Theory of Your Life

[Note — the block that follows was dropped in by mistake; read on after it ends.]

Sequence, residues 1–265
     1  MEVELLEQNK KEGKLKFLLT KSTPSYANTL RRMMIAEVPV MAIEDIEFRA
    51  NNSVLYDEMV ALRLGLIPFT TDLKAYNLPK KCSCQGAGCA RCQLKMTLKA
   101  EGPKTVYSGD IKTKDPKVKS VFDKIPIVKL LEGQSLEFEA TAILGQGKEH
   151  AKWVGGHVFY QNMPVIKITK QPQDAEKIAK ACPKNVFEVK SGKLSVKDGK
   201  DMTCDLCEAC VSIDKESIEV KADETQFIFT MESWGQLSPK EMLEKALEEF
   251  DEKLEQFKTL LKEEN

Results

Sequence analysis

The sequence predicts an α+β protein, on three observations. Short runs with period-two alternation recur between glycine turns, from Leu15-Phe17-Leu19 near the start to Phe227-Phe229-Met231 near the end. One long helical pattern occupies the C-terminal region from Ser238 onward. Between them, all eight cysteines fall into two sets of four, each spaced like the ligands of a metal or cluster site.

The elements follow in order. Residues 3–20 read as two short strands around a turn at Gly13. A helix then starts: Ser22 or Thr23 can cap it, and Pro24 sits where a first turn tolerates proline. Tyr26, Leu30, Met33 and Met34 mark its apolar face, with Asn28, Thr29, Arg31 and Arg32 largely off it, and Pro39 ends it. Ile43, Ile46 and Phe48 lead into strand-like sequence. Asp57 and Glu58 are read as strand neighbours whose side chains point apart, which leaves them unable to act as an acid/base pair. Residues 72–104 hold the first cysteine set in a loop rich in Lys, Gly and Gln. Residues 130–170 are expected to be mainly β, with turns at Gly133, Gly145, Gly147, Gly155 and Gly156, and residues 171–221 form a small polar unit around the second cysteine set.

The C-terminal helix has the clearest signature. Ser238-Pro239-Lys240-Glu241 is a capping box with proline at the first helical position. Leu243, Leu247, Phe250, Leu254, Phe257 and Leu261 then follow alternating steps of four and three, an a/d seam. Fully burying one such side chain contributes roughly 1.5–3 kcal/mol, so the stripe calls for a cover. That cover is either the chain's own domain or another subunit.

Theory of Your Life is a collection of 11 original songs, sewn together by the theory that "dying is easy, comedy is hard." Let's think of dying as a kind of falling -- like leaves in autumn, like an angel from grace, like the mighty never do, like a shaky skater, a guilty thief, or an army deserter. Let's think of comedy as a kind of rising -- on a thin line, on an angel's invisible wings, on the glory of a Tin Pan Alley song, or the freedom of the road. Theory of Your Life documents these risings and fallings with empathy for, and insight into, our human frailty. We all live our lives according to some sort of theory; North finds the places and the states that we end up in as a result The Songs Skates "You run rings around my heart right in front of my face." Love and vulnerability. About a figure skater North once knew -- and married. This is one river you don't get to skate away on. Bobby Wiseman on accordion. Mighty Fall "Who cares, who cares if the mighty never fall?" An awesome, spittin' rap hidden in the guise of a (harmless?) folk song. Putting out the jargon, but all the big words can't hide what's real. Thin Line "We are held here by a thin, thin line." Memory, breath and other fragile bonds. The ones that hold the moon in the sky, connect the departed to the living, bring two lovers together, in the leaves that fall and fall. Prediction is Easy "We are all hoping to wake to a beautiful day." Sure we are, that's predictable. And we all know which way the wind is blowing. Maybe it's all too easy to listen to, and follow, your own predictions. The Ballad of Stephen Reid "I am the guilty man and the jury did agree." Inspired by the true story of a Vancouver bank robber. A guilty criminal wants to get it off his chest so he can sleep at night. One way or another, we're all thieves -- of time, money, love, or our own fleeting lives. Theory of My Life "When my sins get up and walk they're in the same skin that I'm in." Can't separate them from the sinner, even though we're told to love one and abominate the other. A down 'n' dirty blues with a killer guitar solo. Nice Jesus/Elvis joke in the first verse. You Make Me Blue "Nowhere to turn when I need somebody's help, except to you, who made me feel this way." A classic country weeper in 4/4 time. Timeless, gorgeous, inevitable. Listen for one of those lovely chord changes when he sings "I was okay before." Not now. Martin Skrzypczyk on slide guitar. Meticulous "I'll meet you on the moon." Now we can build a ship to get you there. Just fill in the cracks and measure out the days, or the stars. Check for another unexpected and captivating set of chords behind the extended "moon" sung in the chorus. Michael Johnston on piano. Leaving Buffalo "I'm still all for freedom no matter what you say." Based on the story of a hitchhiker North encountered. A pilgrim's progress from pillar to post, through the army, orchards, streets, factories and jails, ending up homeless. Don't feel sorry, though -- freedom is it's own reward, and we're all just passing through, anyway. Fallen Angel "I thought you were an angel whose wings were melted in the sun." Try to petition the lord with prayer, see what happens. Pursuing one holy breath before we're called to shuffle off this mortal coil. Ah, but the angels are all wingless here. Don Kerr on cello. Tin Pan Alley "There is a secret key in a Tin Pan Alley song." If the song you sing won't ever get to a radio, and it's growing faint anyway, you may as well sing it as strong as you can -- especially if you want it to rise above quiet voices and loud noise. Bob Wiseman on accordion, Michael Johnston on piano.